Thursday, March 21, 2024

CyberSecurity recommendation

My top recommendation is to look to experts in that field. I mostly participate in healthcare standards organizations such as HL7, IHE, and DICOM. These standards organizations focus on health informatics interoperability, they are not experts in CyberSecurity. These healthcare standards always recommend that you use standards developed by appropriate standards organizations. See the 2023 HL7 Cyber Security Event with all recordings available now. My HL7 FHIR Security and Privacy Education track.

My second top recommendation is to make it very clear that Security (and Privacy, and Safety) are risk domains. Meaning that you must manage them according to risk, not a checklist. A checklist can help you be comprehensive in your analysis, but it can't help you determine the actual risk, and it can't decide for you what level or risk you are willing to accept. I covered risk in a blog article 12 years ago, and it is still relevant.

  • I prefer NIST Cybersecurity Framework (CSF) because it is free, and it is very readable. This is a high-level roadmap for managing comprehensive cybersecurity risk.  It can be used by large and small organizations.
  • I know that some are forced to use ISO 27001 and 270002. I am okay with these, but accessibility to ISO specifications is a big problem. This is international specification, so is seen as appropriate everywhere outside the USA. There is a large number of consulting firms that can help with the implementation of this.
  • In the USA the HITRUST organization, although expensive, has a crosswalk of all the cybersecurity frameworks; and a methodology to record evaluation and decisions. This would be my recommendation if an organization didn't have experts on staff and needed to get started.

HITRUST and NIST are just as applicable outside the USA, but I also recognize that some see anything with a USA focus to be bad for use outside the USA.
  • For specific things like a FHIR or even a SOAP interface, is where I would add the prioritization and clarity that OWASP brings. 

Of course, we leverage other standards by security experts including IETF(https, tls, s/mime, oauth, certs), and W3C (signatures, prov, p3p, soap), ETSI (XAdES, PAdES, JAdES), NIST (AES, SHA), etc. 

What is your recommendation?

PS, sorry about the AI authored answer a few weeks ago - Give me a cyber security check list for FHIR RESTful API Systems, but you will note it is similar.

Saturday, March 2, 2024

Give me a cyber security check list for FHIR RESTful API Systems

So I asked Gemini, googles latest AI...

Cyber Security Checklist for FHIR RESTful API Systems

FHIR (Fast Healthcare Interoperability Resources) is a standard for healthcare data exchange. It is important to secure FHIR RESTful API systems to protect sensitive patient data. Here is a checklist to help you secure your FHIR API system:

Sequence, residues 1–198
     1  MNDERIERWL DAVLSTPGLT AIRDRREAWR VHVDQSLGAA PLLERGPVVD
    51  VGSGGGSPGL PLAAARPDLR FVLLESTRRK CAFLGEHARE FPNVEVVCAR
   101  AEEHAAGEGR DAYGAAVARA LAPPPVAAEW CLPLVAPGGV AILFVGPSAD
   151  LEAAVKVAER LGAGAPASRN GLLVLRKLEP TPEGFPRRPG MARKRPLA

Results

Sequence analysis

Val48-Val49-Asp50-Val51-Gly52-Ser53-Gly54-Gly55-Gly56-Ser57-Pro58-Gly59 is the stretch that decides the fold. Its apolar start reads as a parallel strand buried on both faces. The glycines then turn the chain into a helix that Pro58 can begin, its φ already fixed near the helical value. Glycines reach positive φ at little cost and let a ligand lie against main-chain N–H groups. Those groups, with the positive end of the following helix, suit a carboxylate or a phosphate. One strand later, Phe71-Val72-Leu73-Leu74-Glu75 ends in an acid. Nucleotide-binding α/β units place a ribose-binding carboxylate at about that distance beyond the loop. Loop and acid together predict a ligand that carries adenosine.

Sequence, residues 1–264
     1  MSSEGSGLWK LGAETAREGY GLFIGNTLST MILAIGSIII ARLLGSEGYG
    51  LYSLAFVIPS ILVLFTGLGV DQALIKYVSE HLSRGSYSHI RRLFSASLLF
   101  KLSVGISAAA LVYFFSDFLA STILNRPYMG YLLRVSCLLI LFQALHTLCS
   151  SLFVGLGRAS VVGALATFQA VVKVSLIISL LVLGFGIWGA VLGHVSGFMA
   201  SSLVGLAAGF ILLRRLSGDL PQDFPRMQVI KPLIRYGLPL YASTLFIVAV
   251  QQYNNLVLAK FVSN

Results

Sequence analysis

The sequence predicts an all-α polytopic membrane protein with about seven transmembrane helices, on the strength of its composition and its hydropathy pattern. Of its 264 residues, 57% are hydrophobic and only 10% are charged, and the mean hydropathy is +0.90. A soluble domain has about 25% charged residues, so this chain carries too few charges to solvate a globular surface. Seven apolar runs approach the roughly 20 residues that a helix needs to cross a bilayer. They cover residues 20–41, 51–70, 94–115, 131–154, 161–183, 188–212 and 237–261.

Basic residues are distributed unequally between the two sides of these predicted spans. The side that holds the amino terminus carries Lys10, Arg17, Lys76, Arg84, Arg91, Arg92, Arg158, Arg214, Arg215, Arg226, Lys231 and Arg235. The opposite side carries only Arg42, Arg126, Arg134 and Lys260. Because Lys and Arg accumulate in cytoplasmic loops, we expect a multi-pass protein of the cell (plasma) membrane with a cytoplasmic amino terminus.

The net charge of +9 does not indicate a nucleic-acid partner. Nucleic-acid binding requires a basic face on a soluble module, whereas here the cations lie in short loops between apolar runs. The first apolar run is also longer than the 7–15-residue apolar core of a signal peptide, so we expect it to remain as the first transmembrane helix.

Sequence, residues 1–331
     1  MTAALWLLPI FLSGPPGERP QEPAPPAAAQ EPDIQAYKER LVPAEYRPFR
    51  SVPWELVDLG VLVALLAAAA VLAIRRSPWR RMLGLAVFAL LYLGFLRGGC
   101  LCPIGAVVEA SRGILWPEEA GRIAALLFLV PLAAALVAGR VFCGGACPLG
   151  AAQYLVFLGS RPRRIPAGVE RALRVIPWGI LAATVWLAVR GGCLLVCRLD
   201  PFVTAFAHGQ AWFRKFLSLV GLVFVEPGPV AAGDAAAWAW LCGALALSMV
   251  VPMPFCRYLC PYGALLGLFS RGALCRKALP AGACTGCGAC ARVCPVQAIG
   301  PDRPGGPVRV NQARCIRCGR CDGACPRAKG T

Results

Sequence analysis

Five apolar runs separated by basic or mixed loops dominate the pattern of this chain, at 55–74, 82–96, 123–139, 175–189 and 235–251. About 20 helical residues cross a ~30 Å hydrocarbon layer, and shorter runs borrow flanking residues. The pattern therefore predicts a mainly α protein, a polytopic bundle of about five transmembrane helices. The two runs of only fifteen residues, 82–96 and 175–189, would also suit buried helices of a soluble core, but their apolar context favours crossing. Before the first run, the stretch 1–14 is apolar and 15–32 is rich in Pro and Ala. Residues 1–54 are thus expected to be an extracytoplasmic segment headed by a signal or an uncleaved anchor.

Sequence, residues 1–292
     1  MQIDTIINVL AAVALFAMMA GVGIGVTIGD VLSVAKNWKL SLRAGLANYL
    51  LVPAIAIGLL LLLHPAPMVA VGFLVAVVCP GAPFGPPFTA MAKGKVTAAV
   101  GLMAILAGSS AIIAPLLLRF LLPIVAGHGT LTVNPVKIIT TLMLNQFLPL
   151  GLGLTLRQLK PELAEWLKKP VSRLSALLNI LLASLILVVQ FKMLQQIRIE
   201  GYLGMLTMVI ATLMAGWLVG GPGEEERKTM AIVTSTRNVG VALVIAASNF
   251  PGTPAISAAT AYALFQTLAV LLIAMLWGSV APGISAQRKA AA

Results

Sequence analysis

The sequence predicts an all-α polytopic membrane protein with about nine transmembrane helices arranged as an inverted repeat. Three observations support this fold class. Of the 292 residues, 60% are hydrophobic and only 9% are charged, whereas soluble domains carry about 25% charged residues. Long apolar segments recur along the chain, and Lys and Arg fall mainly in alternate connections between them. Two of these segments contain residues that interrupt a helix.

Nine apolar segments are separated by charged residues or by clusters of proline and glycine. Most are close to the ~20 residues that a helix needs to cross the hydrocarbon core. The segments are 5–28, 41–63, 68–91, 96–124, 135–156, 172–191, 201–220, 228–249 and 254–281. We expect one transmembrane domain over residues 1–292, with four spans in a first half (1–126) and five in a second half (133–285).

Authentication and Authorization

  • Implement strong authentication: Use a standard like OAuth 2.0 or OpenID Connect to authenticate users and clients. This will help to ensure that only authorized users and applications can access the API.
  • Implement authorization: Use a fine-grained authorization system to control what users and applications can do with the API. This includes what data they can access, what operations they can perform, and what resources they can create, read, update, and delete.
  • Use strong passwords: Enforce strong password policies for all users. This includes requiring a minimum password length, complexity requirements, and regular password changes.

Data Security

  • Encrypt data at rest and in transit: Use strong encryption algorithms to protect patient data at rest and in transit. This will help to prevent unauthorized access to the data, even if it is intercepted.
  • Mask sensitive data: Mask sensitive data, such as Social Security numbers and credit card numbers, before returning it from the API. This will help to prevent unauthorized disclosure of the data.
  • Implement logging and auditing: Log all API access attempts, including successful and failed attempts. This will help you to track who is accessing the API and what they are doing.

Other Security Measures

  • Keep software up to date: Regularly update your FHIR server software and any other software that is used to access the API. This will help to fix security vulnerabilities that could be exploited by attackers.
  • Perform regular security assessments: Regularly assess the security of your FHIR API system to identify and fix any vulnerabilities.
  • Monitor for suspicious activity: Monitor your FHIR API system for suspicious activity, such as unauthorized access attempts or unusual data access patterns.

By following these recommendations, you can help to secure your FHIR RESTful API system and protect sensitive patient data.

Additional points to consider:

  • Rate limiting: Implement rate limiting to prevent denial-of-service attacks.
  • Input validation: Validate all input to the API to prevent malicious attacks, such as SQL injection attacks.
  • Error handling: Handle errors gracefully and avoid returning sensitive information in error messages.
  • Security awareness: Train your staff on the importance of security and how to protect patient data.

By following these recommendations, you can help to ensure the security of your FHIR RESTful API system and protect sensitive patient data.